Friday, January 1, 2010


Emily B. Cahoon

The chapter on Cook was surprisingly humorous, which I enjoyed. I also enjoyed the way the author paralleled his experiences with Cook's experience. I was stunned there was such a vivid and detailed account of Cook's landing on New Zealand. Also, I was surprised that when he pointed his "walking stick" and killed one of the natives, that they did not react more negatively. That is usually the start of a battle between natives and explorers. I was also surprised that Cook took the initiative when interacting with the natives. He would lay down his weapon before approaching a warrior, very courageous. I was impressed he strived to make friendships with the natives.
I am shocked how many incidents from Cook's arrival have been documented and celebrated or recognized. For example the first witnessing of the haka which is now a ritual of the country's rugby team, they perform it prior to every match. Their current culture seems fascinating and it's interesting to read how the Maori view the Pakeha and visa versa. I look forward to experiencing first hand how they interact.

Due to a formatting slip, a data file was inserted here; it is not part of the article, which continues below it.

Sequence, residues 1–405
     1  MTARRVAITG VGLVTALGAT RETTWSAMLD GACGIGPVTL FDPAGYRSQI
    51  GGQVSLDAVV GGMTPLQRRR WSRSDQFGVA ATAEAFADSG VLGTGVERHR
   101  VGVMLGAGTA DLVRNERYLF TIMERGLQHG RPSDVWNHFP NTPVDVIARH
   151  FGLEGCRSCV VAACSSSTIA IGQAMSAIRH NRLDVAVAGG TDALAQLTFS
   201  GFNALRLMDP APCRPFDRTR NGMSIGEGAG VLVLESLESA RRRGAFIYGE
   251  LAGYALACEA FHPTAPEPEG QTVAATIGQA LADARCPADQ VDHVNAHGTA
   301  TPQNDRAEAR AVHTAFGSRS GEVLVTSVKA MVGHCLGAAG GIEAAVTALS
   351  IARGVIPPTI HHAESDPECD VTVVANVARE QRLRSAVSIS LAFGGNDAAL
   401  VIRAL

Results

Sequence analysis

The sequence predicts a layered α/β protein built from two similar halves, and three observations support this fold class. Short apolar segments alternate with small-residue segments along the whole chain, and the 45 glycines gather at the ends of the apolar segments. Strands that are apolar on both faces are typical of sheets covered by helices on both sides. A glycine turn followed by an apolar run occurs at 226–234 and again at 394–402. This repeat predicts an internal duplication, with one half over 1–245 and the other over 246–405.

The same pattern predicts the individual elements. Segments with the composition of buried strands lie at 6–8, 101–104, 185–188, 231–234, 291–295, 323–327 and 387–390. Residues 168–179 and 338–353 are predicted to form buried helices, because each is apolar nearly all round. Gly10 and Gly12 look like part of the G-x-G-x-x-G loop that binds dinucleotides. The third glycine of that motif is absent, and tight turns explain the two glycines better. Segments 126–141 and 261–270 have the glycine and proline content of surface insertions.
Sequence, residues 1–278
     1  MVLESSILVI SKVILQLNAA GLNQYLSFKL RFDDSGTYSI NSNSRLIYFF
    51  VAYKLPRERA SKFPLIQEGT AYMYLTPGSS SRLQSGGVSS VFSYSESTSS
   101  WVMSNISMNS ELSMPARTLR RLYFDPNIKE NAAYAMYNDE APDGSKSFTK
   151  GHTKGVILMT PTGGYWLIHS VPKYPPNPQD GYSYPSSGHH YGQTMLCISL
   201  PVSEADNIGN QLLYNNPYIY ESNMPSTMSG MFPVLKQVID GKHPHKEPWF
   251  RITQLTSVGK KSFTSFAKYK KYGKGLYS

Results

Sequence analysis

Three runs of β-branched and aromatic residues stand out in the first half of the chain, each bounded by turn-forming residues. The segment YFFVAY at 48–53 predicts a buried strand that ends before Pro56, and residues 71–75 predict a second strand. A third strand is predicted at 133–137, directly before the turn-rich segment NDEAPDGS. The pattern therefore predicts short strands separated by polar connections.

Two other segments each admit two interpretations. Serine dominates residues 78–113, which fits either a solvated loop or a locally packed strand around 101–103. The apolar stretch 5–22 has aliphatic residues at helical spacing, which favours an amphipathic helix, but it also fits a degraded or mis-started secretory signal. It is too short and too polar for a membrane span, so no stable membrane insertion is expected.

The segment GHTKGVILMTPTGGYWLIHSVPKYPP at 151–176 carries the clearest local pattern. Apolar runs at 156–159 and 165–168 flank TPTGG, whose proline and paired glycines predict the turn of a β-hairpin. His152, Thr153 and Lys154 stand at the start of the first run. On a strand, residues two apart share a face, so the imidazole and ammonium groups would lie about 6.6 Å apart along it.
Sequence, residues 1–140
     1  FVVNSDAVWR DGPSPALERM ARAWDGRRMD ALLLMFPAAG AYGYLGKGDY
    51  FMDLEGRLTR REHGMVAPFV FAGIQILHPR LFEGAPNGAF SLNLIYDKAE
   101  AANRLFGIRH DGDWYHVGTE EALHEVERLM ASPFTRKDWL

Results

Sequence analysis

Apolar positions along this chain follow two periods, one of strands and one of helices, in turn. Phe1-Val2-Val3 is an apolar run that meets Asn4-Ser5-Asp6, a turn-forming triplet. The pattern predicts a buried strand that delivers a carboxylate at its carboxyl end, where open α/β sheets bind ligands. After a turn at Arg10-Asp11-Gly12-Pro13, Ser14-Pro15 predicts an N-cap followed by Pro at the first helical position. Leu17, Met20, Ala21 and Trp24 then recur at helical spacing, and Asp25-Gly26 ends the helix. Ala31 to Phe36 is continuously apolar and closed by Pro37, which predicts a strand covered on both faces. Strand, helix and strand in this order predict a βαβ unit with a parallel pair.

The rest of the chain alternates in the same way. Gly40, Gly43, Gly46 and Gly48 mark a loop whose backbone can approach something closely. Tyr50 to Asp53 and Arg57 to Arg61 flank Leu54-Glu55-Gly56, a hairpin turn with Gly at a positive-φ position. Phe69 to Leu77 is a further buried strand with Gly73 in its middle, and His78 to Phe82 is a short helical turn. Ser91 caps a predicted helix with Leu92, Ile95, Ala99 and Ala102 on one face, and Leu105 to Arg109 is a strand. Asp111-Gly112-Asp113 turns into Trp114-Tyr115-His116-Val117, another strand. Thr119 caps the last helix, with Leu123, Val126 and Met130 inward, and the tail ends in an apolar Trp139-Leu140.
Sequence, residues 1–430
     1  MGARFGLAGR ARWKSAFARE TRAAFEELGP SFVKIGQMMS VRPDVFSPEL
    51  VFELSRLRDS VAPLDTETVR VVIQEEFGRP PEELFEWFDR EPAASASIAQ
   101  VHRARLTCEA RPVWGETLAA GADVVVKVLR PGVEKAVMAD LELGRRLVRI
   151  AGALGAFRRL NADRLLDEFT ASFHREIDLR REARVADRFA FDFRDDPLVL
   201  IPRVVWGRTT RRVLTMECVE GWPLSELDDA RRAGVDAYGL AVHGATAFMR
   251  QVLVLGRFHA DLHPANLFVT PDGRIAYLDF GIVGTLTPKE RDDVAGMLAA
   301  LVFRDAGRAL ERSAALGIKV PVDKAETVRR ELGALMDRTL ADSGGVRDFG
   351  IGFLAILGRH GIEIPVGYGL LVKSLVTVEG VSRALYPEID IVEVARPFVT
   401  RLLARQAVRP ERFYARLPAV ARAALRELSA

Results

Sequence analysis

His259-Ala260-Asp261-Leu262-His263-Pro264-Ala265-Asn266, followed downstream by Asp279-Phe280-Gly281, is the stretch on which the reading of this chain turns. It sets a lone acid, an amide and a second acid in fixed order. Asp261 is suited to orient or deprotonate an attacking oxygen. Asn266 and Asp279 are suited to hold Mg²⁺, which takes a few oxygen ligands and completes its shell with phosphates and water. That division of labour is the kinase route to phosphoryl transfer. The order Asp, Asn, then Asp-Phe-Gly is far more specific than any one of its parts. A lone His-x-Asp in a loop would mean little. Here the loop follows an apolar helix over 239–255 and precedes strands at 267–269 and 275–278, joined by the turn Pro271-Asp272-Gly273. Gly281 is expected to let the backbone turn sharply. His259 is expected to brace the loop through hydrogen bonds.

For my own experience I am exceedingly excited to see a different part of the world; I have only heard positive and wonderful things about the country. I love to meet new people and I hope that I can pick up some of the language and maybe even bring home a few of the slang words! I want to try different foods and investigate the biology found along the coast and do some hiking! I very much look forward to experiencing the Tongariro Crossing.
I hope to see as many volcanoes as possible during the trip. I want to explore the inside and outside of every volcano I can get my hands on! I am positive that traveling to New Zealand to study geology will only amplify my zeal and dedication for the field of volcanology, my concentration. I am ecstatic to see active volcanics and learn more about the geological history of New Zealand. Last but not least, I of course cannot wait to see all the sheep and discover what kinds of life the coasts thrive in.

No comments:

Post a Comment